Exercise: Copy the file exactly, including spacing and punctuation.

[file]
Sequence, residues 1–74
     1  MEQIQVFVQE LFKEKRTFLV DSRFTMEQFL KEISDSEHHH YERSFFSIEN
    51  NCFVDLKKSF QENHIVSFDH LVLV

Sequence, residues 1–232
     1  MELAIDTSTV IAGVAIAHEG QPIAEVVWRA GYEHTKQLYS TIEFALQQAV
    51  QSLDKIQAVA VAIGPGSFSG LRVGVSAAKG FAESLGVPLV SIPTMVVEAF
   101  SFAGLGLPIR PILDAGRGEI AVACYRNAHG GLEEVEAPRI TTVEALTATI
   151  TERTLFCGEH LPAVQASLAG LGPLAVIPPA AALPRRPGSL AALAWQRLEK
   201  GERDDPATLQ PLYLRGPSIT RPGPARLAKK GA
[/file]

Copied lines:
Sequence, residues 1–74
     1  MEQIQVFVQE LFKEKRTFLV DSRFTMEQFL KEISDSEHHH YERSFFSIEN
    51  NCFVDLKKSF QENHIVSFDH LVLV

Sequence, residues 1–232
     1  MELAIDTSTV IAGVAIAHEG QPIAEVVWRA GYEHTKQLYS TIEFALQQAV
    51  QSLDKIQAVA VAIGPGSFSG LRVGVSAAKG FAESLGVPLV SIPTMVVEAF
   101  SFAGLGLPIR PILDAGRGEI AVACYRNAHG GLEEVEAPRI TTVEALTATI
   151  TERTLFCGEH LPAVQASLAG LGPLAVIPPA AALPRRPGSL AALAWQRLEK
   201  GERDDPATLQ PLYLRGPSIT RPGPARLAKK GA